GOVERNMENT MEASURES AGAINST Muslim extremists suffered reversals in April. Officers and public officials were targetted by the extremists, culminating in the daylight assassination attempt against a cabinet minister. The Ministry of Interior, meanwhile, was rocked by the sudden replacement of Abdel Halim Mousa only one day after his public admission to having opened a dialogue with the terrorists.
The killing of a state security officer and his six-year old son in mid-March made newspaper headlines and earned nationwide revulsion. As security forces continued to search for the killers, police general Mohammed al Shaimi was assassinated on 11 April in the Upper Egyptian town of Abu Tig.
Al Shaimi, his bodyguard and his driver, were all gunned down in broad daylight. Security sources placed responsibility on the Islamic Jihad, calling the assassination an act of revenge for the killing of the Jihad's Assiut emir, Ahmed Zaki, during the previous month's police crackdown.
The murder of such a high ranking official, as well as the successful escape of his killers, left the nation stunned. Thousands of mourners attended Al Shaimi's funeral in what was the largest national protest against terrorism in recent years. Abdel Halim Mousa led the funeral procession. Days later he denounced the murderers to the People's Assembly, saying the attack came at a time when his ministry was engaged in dialogue with a group of independent Islamists mediating between the government and the extremists.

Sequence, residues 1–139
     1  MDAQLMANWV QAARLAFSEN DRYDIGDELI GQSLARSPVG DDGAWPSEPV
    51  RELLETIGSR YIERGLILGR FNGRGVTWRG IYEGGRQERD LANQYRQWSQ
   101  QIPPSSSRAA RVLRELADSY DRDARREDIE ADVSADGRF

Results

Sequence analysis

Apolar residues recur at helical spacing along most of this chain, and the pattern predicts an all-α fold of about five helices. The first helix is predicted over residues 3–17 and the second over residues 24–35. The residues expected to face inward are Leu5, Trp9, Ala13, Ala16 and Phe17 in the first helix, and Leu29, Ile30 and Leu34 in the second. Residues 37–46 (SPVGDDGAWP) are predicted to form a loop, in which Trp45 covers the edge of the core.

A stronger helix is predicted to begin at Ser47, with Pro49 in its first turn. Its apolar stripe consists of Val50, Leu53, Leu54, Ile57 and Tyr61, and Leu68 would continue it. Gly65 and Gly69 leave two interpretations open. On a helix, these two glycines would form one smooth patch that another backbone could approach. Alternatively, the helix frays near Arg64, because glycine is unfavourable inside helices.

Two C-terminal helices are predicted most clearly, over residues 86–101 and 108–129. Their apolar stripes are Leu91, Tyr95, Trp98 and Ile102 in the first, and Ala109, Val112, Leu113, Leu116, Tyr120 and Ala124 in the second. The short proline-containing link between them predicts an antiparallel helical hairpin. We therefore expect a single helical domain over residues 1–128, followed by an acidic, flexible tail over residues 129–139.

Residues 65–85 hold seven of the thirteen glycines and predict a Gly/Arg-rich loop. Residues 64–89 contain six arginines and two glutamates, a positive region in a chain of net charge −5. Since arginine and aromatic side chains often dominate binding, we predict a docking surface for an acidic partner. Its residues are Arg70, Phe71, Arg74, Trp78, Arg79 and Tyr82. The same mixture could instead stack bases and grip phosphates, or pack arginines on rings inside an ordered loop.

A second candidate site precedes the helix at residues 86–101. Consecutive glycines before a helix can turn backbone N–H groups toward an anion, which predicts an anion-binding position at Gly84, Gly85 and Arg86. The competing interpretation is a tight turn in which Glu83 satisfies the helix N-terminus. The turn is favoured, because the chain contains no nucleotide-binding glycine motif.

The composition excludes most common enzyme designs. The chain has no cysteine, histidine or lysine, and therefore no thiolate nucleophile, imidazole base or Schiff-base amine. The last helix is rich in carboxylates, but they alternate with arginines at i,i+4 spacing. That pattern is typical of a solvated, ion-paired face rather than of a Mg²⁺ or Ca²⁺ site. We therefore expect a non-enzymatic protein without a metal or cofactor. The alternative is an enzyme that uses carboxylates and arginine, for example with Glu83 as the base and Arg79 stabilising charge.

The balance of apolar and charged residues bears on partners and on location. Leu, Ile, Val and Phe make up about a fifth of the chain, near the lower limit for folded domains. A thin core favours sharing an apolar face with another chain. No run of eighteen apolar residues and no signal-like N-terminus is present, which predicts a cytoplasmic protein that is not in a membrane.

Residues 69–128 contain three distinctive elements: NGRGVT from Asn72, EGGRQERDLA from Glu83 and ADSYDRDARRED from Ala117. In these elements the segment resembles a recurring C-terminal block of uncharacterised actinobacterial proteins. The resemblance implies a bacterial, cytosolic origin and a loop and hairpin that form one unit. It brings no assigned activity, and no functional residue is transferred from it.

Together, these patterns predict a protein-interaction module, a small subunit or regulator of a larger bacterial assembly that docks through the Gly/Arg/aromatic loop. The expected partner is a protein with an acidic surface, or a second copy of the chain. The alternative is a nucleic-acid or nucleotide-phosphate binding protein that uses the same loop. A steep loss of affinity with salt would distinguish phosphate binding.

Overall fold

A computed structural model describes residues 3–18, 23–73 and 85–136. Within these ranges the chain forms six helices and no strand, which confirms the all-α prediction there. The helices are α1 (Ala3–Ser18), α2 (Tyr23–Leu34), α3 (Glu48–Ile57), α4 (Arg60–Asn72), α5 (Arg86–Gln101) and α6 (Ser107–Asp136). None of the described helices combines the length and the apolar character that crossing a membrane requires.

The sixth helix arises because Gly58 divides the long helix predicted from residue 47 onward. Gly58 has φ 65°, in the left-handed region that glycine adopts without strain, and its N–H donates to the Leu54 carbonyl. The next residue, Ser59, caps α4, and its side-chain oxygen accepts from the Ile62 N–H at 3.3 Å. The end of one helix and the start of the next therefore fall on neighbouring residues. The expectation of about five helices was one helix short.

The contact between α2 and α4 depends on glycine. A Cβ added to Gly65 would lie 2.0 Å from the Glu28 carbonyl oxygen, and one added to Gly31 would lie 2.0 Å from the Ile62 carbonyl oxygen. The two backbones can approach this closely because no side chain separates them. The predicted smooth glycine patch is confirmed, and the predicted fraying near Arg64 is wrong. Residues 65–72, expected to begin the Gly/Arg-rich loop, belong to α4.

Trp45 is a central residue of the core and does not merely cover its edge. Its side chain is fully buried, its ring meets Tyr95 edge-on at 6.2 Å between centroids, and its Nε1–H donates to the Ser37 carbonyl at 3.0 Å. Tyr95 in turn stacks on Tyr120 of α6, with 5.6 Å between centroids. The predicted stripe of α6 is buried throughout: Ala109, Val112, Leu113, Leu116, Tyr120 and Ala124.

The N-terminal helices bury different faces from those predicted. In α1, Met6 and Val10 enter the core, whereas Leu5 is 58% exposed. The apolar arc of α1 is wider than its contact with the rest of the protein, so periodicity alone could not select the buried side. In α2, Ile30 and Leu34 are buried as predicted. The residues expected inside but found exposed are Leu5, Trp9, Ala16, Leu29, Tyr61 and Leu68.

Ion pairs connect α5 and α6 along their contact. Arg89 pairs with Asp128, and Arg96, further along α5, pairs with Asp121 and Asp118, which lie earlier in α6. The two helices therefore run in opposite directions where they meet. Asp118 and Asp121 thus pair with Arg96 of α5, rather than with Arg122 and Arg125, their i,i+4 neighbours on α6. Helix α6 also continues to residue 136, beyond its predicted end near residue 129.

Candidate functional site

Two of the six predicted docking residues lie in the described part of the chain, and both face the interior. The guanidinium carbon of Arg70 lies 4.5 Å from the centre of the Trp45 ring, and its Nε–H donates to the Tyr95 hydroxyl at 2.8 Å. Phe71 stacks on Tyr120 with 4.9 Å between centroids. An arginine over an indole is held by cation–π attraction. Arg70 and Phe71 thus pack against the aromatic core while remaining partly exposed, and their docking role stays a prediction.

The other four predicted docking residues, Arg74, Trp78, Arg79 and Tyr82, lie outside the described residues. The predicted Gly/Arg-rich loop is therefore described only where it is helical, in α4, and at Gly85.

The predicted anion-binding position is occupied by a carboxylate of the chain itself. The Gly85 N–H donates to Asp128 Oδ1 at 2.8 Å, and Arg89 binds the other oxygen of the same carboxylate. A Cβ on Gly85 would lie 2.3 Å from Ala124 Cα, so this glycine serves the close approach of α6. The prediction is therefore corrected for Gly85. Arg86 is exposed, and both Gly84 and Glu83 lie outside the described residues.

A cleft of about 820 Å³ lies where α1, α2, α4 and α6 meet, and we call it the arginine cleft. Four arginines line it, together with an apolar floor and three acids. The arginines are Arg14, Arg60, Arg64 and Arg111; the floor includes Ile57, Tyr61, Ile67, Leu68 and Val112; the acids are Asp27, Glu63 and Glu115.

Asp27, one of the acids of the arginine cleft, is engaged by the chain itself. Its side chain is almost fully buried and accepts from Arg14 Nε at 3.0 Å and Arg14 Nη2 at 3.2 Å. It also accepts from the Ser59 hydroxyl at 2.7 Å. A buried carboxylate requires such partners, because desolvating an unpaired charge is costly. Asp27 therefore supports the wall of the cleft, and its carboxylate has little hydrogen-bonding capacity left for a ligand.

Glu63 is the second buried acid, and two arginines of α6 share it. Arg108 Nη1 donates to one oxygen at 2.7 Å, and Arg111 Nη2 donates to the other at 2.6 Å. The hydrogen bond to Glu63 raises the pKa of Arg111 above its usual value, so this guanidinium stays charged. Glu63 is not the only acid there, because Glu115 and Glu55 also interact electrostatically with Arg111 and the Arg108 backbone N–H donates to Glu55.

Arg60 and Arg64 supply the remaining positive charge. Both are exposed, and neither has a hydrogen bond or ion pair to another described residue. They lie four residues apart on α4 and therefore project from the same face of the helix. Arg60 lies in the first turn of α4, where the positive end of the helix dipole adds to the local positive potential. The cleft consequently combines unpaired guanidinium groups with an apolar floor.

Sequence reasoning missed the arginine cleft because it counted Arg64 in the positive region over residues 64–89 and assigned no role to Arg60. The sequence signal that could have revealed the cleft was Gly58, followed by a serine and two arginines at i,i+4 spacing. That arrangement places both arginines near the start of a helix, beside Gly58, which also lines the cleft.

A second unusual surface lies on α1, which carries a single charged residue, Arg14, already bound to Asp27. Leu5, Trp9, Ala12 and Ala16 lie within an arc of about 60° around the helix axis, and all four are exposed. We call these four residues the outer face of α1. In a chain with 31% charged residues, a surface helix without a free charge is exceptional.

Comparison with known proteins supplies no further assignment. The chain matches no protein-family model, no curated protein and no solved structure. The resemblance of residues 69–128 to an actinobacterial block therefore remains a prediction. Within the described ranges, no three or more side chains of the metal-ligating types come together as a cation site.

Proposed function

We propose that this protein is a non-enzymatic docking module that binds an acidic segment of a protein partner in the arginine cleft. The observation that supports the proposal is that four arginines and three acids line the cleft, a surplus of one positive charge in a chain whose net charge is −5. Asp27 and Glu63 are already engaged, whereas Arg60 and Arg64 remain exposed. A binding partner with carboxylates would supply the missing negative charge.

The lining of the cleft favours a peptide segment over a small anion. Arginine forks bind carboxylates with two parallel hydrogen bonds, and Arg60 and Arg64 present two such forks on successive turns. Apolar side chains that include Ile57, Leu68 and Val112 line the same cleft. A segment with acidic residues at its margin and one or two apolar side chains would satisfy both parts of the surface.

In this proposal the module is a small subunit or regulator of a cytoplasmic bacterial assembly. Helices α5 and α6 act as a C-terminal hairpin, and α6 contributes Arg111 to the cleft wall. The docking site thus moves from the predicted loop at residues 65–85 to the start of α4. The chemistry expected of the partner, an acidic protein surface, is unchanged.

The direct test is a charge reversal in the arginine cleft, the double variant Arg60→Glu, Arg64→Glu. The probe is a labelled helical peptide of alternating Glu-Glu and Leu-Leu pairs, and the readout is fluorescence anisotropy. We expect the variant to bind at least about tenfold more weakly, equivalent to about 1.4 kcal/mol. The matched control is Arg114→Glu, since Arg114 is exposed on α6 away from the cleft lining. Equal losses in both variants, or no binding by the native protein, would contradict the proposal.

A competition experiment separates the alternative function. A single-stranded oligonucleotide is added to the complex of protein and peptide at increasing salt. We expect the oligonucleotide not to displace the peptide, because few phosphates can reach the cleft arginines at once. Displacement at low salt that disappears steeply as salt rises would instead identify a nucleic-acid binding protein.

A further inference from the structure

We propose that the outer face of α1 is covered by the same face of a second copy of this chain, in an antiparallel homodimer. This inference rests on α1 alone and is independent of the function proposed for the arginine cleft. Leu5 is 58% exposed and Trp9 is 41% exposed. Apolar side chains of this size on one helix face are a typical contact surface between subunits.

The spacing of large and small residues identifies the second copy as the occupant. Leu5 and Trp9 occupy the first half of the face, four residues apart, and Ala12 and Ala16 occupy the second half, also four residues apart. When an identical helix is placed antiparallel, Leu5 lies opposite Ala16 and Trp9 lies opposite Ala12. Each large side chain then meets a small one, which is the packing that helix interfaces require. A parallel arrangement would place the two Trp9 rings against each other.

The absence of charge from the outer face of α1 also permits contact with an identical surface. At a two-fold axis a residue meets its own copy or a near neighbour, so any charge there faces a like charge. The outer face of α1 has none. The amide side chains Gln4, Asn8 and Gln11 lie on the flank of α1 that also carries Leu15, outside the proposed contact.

Mousa's surprise announcement met immediate criticism. The fact that government officials were prepared to negotiate with terrorists only buttressed critics' arguments that the regime was stumbling in its losing war against the extremists. An angry President Hosni Mubarak fired the minister the following day, replacing him with the governor of Assiut, Hassan al Alfi.
The new interior minister had scarcely two days in office before facing his first crisis when, on 20 April, assassins failed in an attempt on the life of the information minister, Safwat al Sharif. The noon attack took place in the upper-class Cairo suburb of Heliopolis at a vulnerable intersection near Al Sharif's house and only a few minutes drive from the homes of the president and prime minister. The ambush, obviously well-planned, was by far the most daring attack on a government official since the 1990 assassination of the parliamentary speaker, Rifaat al Mahgoub.
Al Sharif narrowly escaped death...